Let’s take a little trip down memory lane. You’re a kid, say 10 years old. The weatherman predicted inches upon inches of snowfall overnight, and you went to bed with a level of excitement comparable to Christmas Eve. You wake up, scramble downstairs to turn the TV to the local news, and look for your school’s name on the scrolling list of closings at the bottom of the screen. And there it is, your school’s name. Pure, magical bliss.
At least, that’s how I remember the snow days of my youth. The magic they held was in both their rarity and their unpredictability. What adventures would a snow day bring? What rules would my mom go lax on? Time slowed down on snow days in my house. Structure and routine went out the window. We stayed in PJs until we bundled up to go sledding, we got back in PJs, ate cookies, watched movies, drank hot chocolate, played video games.
As a mom, I want to recreate this magic when my kids are school-age, but for now I’m doing it with a little twist: “No Days.”
No Days are a family tradition we created where anything (within reason) that we would usually say no to on a normal day gets a yes. We have a No Day once every three months or so, and without fail, it delivers a much-needed break from the hustle-bustle that is our daily life (well, pre-social distancing), it forces us to slow down and enjoy the moment, and it brings us closer together.
I don’t have a lot of extra time on my hands to focus on things like “creating magic” for my kids. You’re not going to find me moving an elf around the house at the holidays or baking Pinterest-worthy unicorn cupcakes from scratch on the weekends. I am an unashamed slice-and-bake cookie kind of mom. My mom was too. Maybe that’s why my brother and I still love slice-and-bakes so much–because what matters to kids is the feeling of knowing they’re loved and making memories together, whatever that looks like within their family.
No Days require no planning and no new stuff, and with a toddler who is constantly pushing boundaries as he learns the dos and don’ts of his world, it’s a welcome break for both him and me from the word “no.”
I don’t know about you, but I don’t love saying no to my toddler all the time. In fact, I try to follow the re-framing method of “I want your feet on the floor” instead of “no jumping off the couch.” But regardless of the positive language spin I put on it, the end result for my toddler is the same–he doesn’t get to do the thing he wants to do.
No Days require no planning and no new stuff, and with a toddler who is constantly pushing boundaries as he learns the dos and don’ts of his world, it’s a welcome break for both him and me from the word ‘no.’
And even though my “no”s are always in his best interest, it can be tiring for us both.
Whenever we’re stuck in a cycle of meltdowns and frustration, I can generally count on a solid No Day to recalibrate our vibe. To be clear, a No Day isn’t about spoiling kids rotten or teaching them that they deserve to get whatever they want. It’s not about saying yes to buying new stuff or promising over-the-top things. We’re not aiming to raise an entitled generation here. It’s about finding joy in the little things and breaking away from the everyday routines where we so often rush from one thing to the next without taking time to linger in the moment together.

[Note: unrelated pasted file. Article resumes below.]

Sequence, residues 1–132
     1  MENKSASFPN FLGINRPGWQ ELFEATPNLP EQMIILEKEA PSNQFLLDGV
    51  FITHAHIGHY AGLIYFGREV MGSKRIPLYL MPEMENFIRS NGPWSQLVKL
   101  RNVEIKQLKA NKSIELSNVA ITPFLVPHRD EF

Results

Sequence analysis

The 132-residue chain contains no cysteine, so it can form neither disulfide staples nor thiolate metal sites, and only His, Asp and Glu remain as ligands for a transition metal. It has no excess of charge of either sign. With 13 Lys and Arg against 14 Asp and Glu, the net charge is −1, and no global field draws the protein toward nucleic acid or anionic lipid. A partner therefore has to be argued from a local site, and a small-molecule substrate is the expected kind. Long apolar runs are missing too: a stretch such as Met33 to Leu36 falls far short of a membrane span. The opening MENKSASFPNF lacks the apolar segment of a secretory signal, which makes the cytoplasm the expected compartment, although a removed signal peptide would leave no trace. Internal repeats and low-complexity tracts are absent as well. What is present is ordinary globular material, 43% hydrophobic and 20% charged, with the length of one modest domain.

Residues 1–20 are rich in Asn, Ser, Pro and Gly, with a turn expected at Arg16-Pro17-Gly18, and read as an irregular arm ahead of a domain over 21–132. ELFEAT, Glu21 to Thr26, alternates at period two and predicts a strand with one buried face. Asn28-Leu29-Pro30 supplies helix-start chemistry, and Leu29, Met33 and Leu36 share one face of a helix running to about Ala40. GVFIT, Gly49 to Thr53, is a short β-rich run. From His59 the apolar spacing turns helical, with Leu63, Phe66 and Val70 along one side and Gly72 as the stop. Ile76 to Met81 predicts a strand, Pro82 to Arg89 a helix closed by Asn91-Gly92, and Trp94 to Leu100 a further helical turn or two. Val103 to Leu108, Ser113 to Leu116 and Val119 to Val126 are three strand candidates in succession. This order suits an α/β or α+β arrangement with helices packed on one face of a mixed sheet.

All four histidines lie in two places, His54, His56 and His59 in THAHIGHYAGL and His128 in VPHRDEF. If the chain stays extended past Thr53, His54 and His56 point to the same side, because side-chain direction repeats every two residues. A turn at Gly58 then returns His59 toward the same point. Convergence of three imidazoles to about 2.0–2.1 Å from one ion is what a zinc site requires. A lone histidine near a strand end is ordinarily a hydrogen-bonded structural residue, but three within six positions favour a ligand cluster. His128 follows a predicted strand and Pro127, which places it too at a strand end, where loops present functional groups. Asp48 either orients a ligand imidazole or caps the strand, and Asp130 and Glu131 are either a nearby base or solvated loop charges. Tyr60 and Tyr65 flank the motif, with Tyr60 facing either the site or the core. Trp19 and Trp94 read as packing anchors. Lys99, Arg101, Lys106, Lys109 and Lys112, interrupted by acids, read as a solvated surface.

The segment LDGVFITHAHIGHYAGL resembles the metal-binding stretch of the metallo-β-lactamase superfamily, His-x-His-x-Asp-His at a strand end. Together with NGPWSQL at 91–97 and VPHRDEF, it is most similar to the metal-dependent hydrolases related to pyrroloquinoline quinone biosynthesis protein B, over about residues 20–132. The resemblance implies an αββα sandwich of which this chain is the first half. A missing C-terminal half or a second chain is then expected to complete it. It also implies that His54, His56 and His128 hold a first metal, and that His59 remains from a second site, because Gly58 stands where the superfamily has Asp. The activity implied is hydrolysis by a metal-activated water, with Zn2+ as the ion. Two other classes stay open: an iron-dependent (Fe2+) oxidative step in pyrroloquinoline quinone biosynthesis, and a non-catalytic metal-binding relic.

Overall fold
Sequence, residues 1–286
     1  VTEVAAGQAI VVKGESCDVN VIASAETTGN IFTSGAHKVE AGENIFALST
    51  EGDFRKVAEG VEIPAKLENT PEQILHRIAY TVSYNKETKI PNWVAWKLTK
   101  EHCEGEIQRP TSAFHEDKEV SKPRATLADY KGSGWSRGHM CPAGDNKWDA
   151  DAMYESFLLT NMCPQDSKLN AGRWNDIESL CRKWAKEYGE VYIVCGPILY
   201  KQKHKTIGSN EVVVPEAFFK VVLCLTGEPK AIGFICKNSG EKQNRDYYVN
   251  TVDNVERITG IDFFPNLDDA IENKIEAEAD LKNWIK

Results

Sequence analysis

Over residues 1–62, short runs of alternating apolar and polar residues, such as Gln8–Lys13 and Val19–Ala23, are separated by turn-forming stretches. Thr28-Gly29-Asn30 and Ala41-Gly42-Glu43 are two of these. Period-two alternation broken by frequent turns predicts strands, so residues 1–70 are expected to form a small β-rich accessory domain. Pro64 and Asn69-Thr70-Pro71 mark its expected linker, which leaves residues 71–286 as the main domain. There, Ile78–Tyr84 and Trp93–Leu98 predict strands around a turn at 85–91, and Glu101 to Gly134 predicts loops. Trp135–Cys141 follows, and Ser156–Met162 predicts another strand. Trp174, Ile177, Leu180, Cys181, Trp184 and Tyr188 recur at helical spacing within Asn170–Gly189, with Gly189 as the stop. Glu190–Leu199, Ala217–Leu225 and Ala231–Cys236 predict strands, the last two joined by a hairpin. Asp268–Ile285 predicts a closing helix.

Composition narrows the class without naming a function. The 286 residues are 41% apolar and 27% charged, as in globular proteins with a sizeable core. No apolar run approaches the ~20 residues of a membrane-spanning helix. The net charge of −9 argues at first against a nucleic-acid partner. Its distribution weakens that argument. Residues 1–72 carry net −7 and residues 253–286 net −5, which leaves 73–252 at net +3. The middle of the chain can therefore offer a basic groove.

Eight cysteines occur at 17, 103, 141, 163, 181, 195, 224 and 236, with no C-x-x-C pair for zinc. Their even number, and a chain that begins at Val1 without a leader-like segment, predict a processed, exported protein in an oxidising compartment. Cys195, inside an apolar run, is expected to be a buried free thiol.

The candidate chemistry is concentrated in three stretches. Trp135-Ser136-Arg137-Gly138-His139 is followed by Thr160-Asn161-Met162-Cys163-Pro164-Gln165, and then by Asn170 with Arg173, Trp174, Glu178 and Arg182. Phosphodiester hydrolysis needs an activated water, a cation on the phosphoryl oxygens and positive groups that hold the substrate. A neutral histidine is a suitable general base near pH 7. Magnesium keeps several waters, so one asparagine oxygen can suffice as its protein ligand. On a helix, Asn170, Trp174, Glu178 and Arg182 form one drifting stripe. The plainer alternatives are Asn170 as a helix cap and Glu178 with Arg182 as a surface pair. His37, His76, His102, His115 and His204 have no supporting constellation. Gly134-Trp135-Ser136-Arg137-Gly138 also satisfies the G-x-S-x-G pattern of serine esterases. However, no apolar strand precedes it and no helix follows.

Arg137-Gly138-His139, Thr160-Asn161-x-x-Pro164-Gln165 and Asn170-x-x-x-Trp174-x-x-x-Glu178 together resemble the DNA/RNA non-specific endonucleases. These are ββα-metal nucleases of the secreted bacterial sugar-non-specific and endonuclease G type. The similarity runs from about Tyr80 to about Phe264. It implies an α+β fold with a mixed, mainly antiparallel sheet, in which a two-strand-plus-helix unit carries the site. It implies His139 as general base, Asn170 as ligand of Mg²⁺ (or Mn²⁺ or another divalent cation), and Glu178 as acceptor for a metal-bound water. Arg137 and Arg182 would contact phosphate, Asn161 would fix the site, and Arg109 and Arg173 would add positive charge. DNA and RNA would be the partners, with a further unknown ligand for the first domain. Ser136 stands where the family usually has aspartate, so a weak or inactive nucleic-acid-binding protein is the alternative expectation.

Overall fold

In a world where life is more fast-paced than ever (again, pre-social distancing) and technology makes it easier than ever to disconnect from the right here right now, I want to teach my kids from a young age to slow down to enjoy life and remember to appreciate the moment.
It’s been a fun way for us to bond and create memories, and my little guy absolutely loves feeling like we’re “breaking the rules” together. His requests have never been completely outrageous, and I’ve actually been surprised by some of the seemingly mundane things he wants to do.
On our most recent No Day, he wanted to:
- Stay in his PJs all day (side note: we’ve been doing much more of this than usual lately with the current situation)
- Walk on our treadmill (“It’s not a toy!”)
- Take a mid-morning bubble bath (generally baths are at night)
- Have Mickey Mouse pancakes for lunch while sitting in his baby sister’s high chair watching a show on his tablet (which is usually reserved for travel only; also doing much more of this lately)
- Eat Cheetos and Swedish Fish for dinner (he gets it from his mama; he willingly ate his veggies too)
- Take a second bubble bath before bed while drinking La Croix (also gets it from his mama)
I love the simplicity of what brought him joy, and I love that he’s learning it now. I’m sure as he gets older, his requests will become more complex, but I hope we can continue using this tradition to spend quality time together, make funny memories, and enjoy the little things in life.
I try–and fail regularly–to model this type of mindful behavior by staying off my phone when we’re spending time together, by talking about what we’re grateful for before bed, by trying to focus on experiences over things. No Days have brought my family the gift of experiences, building memories that I hope one day my kids will look back on with the same fondness and nostalgia I feel for the snow days of my childhood.
P.S.: No Days are for moms too. Diet Coke and pizza before 10am? Yes, please.